Why are blocks so important to Kids
There are many reasons to buy building blocks for your children. To begin with, our child has a need to learn and blocks help to satisfy that basic instinct. If you watch long enough you’ll
notice that children will play with anything. They will stack random things like boxes, pots, pans, bowls, and anything that they can get their little hands around. This can often lead to disasters.
The humble building block helps channels that potentially destructive instinct to a more positive exercise. With the blocks, a child can learn so many things without the direct supervision of adults. However, it is a tremendous experience to both of you if you can set aside playtime with your kids and be amazed at how creative and imaginative they really are.
Benefits to using blocks
Blocks can be instrumental in:
- teaching children spatial reasoning, Geometry, vocabulary, hand to eye coordination, imagination and creativity just to name a few.
- When playing in this way the child learns to grasp different things, and to compare sizes, shapes and colors.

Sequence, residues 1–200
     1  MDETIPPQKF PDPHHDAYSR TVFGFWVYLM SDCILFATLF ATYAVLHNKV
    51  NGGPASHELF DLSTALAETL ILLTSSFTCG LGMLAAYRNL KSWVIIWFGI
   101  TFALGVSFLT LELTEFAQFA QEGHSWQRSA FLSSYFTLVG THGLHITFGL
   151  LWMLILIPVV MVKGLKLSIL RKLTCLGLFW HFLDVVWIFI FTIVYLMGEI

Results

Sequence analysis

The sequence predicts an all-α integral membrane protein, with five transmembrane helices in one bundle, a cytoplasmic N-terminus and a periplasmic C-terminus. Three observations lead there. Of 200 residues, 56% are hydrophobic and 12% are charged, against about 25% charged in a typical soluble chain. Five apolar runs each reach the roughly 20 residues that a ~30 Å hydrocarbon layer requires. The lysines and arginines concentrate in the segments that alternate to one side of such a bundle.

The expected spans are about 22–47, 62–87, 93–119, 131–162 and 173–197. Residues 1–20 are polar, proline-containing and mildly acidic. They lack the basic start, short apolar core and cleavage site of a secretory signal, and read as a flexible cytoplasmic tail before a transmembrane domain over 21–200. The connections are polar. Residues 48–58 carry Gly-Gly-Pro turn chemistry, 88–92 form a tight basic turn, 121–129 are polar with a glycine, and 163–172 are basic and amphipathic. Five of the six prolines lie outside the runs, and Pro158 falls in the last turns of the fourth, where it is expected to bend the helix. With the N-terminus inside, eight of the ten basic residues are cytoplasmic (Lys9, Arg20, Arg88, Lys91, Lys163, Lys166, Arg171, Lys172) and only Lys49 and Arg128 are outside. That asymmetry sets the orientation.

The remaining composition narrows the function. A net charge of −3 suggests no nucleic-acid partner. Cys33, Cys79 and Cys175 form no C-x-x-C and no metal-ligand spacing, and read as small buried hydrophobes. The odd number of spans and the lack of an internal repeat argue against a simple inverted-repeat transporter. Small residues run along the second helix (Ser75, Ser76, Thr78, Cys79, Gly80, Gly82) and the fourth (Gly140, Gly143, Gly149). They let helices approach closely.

- As the child experiments, they naturally engage in the scientific method which is also known as trial and error. While becoming more familiar with various shapes, colors, and sizes they begin to better understand the world around them.
- They learn about organization, measurement and even gravity.
- Playing with blocks also helps the development of vocabulary because the child will naturally want to tell you what they are making or have made.
- Social skills also improve as children learn to share and cooperate.
Furthermore, in the article, “Playing with Building Blocks of Creativity Help Children with Autism” by Deborah A. Napolitano, Ph.D., BCBA-D., it is stated that: “The study’s findings could pave the way for new studies testing interventions that attempt to improve a wide variety of social skills and behaviors among people with ASD,” said Napolitano. “With positive reinforcement and teaching sessions, such tasks as engaging in novel conversations, posing new questions and creating new ways to play could be within reach for children with ASD.” This study was done entirely with LEGOs building block toys. These Findings, not only offer hope to parents of children with Autism but points the way for all parents to help their children learn and succeed in life.
So, if you buy just one toy this year, make it a building block toy. It should be age appropriate but the choices are endless. They range from simple wooden blocks (Tinkertoy, KEVA Planks), and Lincoln Log, or Lego Classic or Lego Education series to specialized block sets up to 5000 plus piece specialized block sets to simple electronics (Technic) and robotic (Mindstorm) toys.
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until we meet again…
Barb & Walt